It’s time for ‘Tuesday Tunes’, where I do my best to bring you great music that you may not have heard before in reggae, dancehall, and soca.
On Tuesdays, I’ll introduce you to a song, riddim, or music artist that you don’t hear so frequently on Western sources and tell you how I discovered them myself.
When you listen to these tunes, put some headphones on or plug into a proper speaker – TVs, phones, tablets, or laptops simply won’t do these songs justice!
When I was growing up, I remember there being one single distinctive voice that could be recognised instantly no matter what type of music they had produced, and he has a voice like no other.
As I grew older his music kept on coming until a brief pause (more on that later!), and I found myself listening to his tracks more and more until I found myself where I am today, where not a single one of our reggae or dancehall playlists can be complete without several of his tunes.
Buju Banton is one of the most recognised Jamaican reggae & dancehall artists, and yet every time I’m playing his music in my car with someone outside of our family, they never know who he is! His talent is unlike no other, and he deserves more recognition.
I have one thing to address first before we go any further. This man doesn’t go without controversy, particularly in relation to homophobic or drug related topics. I have to address this because I don’t condone these previous actions, but I respect him massively for his (and other reggae artist’s) action in modern times for gay rights. He has served his time for his other offences, and is back to doing what he does best, making music.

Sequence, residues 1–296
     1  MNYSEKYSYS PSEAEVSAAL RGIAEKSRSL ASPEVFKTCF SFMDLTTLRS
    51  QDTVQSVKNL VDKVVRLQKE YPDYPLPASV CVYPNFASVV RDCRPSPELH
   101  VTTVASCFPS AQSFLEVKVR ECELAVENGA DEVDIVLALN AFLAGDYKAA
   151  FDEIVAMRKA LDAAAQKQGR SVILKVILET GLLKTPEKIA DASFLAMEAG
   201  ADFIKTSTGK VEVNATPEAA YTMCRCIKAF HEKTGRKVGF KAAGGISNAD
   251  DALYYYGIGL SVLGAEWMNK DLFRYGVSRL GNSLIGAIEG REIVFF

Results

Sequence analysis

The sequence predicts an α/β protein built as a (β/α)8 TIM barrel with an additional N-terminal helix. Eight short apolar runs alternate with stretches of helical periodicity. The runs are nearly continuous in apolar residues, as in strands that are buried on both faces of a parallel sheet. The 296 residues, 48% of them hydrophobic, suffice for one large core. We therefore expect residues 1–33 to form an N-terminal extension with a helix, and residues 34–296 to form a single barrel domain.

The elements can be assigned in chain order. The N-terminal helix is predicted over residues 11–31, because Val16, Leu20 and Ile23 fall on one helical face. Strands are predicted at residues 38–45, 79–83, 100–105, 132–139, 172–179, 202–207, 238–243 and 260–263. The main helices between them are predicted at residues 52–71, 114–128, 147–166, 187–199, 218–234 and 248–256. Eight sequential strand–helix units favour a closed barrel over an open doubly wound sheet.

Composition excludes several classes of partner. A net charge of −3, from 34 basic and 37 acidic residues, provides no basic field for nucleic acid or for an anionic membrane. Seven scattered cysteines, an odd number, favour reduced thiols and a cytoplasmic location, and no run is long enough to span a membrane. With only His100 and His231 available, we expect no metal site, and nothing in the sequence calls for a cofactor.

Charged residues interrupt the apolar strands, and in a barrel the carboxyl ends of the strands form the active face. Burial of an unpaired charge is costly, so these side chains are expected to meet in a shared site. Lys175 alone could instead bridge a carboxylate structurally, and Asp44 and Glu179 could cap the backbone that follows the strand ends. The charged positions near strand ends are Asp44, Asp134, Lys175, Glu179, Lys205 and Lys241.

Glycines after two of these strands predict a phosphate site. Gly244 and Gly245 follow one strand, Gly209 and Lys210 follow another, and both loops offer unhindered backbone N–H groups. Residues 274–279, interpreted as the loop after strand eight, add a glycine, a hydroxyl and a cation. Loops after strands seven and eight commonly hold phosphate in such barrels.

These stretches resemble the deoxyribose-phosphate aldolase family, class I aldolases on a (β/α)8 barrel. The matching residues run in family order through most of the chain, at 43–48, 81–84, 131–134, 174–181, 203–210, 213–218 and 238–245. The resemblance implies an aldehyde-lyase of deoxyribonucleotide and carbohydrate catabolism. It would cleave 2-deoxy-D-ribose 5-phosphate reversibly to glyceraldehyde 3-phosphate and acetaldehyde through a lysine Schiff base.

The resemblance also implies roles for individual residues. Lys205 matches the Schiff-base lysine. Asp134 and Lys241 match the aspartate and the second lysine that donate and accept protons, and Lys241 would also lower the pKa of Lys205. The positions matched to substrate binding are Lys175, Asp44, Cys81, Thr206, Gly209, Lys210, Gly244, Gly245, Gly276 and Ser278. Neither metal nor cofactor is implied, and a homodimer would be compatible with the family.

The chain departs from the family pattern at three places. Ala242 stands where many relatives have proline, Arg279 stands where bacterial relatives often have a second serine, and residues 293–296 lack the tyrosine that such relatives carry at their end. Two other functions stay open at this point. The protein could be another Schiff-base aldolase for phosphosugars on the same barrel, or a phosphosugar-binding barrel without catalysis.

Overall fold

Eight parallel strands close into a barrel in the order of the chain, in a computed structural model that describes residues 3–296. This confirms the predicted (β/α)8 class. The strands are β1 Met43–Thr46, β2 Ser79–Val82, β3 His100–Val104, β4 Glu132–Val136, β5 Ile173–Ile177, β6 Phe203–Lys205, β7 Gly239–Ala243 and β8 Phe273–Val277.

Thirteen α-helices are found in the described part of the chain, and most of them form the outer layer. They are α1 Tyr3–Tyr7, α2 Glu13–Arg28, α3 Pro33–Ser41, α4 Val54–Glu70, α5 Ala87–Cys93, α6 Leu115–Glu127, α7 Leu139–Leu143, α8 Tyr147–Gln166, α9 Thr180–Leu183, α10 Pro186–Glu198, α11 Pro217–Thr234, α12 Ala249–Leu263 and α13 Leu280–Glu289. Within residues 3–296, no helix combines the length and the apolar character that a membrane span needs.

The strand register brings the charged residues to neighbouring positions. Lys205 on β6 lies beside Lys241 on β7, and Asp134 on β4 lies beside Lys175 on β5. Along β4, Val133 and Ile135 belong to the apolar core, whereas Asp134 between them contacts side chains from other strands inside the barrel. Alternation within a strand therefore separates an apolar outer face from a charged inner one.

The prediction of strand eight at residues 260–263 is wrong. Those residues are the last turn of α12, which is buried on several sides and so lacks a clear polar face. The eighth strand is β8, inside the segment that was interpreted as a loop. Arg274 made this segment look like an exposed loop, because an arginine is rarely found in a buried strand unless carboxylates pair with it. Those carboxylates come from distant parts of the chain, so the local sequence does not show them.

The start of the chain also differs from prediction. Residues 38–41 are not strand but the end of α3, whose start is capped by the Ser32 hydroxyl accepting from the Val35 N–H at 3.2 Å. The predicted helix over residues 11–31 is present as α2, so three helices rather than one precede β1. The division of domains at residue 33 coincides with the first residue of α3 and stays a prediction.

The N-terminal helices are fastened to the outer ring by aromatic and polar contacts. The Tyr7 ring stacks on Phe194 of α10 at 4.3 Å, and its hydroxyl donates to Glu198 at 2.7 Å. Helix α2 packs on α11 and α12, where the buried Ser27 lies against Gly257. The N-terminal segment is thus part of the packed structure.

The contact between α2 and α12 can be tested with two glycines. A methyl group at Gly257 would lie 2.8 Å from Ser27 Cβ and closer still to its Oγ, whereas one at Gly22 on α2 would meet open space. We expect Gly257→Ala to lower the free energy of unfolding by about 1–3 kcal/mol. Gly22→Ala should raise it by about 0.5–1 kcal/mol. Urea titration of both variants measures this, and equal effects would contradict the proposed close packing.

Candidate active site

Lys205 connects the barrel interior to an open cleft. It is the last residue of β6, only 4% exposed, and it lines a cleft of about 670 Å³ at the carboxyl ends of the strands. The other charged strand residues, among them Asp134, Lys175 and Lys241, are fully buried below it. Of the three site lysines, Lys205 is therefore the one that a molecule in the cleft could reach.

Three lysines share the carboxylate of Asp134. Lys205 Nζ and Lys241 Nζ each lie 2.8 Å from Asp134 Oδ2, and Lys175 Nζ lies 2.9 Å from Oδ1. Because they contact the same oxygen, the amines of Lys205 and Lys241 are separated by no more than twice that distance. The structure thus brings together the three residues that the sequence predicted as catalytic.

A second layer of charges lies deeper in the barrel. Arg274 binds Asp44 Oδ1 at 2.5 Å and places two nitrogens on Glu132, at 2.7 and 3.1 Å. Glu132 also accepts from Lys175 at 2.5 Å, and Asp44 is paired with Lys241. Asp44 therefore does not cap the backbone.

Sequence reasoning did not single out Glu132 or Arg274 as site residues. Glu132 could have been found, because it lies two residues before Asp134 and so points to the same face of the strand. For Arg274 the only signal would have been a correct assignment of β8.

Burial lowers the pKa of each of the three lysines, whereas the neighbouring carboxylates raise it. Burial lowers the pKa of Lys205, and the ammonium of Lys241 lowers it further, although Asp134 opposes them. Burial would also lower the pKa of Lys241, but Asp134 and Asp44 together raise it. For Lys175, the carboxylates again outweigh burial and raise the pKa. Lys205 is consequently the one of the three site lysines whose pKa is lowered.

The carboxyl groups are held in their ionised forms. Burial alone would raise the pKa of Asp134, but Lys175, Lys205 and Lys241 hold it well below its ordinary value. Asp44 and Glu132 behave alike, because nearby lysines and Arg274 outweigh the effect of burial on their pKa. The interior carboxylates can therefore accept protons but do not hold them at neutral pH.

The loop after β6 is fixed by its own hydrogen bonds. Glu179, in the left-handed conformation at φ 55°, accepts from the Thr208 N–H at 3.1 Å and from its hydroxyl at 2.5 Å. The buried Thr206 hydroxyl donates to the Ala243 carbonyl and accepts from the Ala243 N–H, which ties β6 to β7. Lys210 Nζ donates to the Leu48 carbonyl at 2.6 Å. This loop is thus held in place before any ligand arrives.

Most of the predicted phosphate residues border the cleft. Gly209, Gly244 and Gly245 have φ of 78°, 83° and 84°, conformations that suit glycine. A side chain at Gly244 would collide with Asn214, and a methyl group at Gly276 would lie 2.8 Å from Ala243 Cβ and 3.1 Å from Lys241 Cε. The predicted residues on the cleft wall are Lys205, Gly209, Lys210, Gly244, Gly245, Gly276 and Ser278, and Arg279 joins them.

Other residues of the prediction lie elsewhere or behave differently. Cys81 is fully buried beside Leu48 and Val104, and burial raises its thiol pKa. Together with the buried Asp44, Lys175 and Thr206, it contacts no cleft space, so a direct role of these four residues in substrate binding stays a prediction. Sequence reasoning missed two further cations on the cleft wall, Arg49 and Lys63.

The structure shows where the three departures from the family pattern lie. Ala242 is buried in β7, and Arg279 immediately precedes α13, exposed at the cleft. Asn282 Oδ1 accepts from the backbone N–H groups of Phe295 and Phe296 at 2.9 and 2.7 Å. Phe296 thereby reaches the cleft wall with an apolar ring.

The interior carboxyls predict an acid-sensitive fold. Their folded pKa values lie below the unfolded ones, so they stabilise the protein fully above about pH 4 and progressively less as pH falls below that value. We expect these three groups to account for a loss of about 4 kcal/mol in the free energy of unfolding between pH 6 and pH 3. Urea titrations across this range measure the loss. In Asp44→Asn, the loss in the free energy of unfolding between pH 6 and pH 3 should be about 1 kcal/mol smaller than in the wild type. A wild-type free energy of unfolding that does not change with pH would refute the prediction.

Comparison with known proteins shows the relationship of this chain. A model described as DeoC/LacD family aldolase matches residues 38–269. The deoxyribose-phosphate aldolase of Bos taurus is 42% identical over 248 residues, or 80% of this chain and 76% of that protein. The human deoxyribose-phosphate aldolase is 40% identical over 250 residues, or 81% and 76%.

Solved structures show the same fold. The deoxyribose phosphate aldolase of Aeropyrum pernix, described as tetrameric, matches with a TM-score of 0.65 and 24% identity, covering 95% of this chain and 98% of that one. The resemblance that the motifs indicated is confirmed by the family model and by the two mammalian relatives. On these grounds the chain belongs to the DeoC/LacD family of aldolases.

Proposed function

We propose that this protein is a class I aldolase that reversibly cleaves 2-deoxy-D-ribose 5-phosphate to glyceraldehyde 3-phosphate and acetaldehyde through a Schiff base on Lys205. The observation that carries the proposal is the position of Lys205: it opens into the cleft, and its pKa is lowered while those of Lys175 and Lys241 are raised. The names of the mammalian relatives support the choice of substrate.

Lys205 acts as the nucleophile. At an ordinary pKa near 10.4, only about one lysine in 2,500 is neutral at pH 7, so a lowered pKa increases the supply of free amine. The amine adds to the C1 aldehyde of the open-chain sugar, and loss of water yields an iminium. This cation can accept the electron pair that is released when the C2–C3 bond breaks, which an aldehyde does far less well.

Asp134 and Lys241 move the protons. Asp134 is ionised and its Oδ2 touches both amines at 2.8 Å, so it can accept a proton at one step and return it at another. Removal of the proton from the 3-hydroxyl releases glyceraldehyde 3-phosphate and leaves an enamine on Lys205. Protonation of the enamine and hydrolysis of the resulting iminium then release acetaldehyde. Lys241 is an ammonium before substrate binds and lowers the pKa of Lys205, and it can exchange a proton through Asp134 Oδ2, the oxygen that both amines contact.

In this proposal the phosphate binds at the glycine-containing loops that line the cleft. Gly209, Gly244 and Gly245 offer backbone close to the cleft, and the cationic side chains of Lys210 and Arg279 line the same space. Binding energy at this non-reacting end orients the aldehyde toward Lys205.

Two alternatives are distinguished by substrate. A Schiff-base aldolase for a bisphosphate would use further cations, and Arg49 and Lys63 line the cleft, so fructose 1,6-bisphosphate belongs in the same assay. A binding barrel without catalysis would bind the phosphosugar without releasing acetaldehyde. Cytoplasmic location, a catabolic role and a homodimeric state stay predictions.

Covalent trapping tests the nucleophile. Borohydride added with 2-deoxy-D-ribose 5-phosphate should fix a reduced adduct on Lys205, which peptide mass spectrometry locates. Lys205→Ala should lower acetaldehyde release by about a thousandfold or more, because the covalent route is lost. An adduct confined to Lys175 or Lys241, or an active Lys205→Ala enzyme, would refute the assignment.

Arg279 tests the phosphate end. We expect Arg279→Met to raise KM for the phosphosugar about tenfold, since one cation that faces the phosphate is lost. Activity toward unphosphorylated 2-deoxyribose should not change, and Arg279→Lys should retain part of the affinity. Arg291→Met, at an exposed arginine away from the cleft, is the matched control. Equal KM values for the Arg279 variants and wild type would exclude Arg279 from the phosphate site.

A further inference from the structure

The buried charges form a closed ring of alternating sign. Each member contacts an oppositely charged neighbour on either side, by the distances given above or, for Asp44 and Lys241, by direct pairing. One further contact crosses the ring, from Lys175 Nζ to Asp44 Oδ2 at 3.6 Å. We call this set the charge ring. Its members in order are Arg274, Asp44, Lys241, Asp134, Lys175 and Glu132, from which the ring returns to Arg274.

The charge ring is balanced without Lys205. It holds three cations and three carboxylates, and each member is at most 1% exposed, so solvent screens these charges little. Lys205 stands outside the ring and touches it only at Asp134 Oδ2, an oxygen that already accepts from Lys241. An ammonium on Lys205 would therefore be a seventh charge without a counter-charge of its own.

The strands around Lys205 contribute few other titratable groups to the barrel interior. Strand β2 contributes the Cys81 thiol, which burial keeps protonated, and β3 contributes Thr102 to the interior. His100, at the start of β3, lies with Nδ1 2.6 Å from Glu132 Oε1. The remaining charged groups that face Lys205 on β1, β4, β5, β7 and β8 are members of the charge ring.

We can’t pretend everyone is perfect all of the time, and you’ll see this in my blog post ‘The Apology‘. His foundation, the Buju Banton Foundation is a great example of putting right any wrongs, and I’d encourage you to take a look.
We are some of Buju Banton’s biggest fans, and his music has been so influential in this house that we’ve even discussed travelling abroad to see his next tour if he doesn’t make it to the UK. We simply have to see him live no matter what!
After a pause in releases due to his prison sentence, Buju gave us all what we were waiting for and more! We didn’t expect more than a few singles in the first year or so, but we have no less than 20 new songs to listen to on his new studio album ‘Upside Down 2020’. This album has something for everyone – gospel, jazz, reggae, dancehall, and a few well known artists that we’re all familiar with that may be a good introduction into Buju Banton’s music.
I had real difficulty narrowing this down as there was too much to choose from, so instead, I give you 7 of my top picks that all have slightly different beats to give you a flavour of what Buju Banton has produced.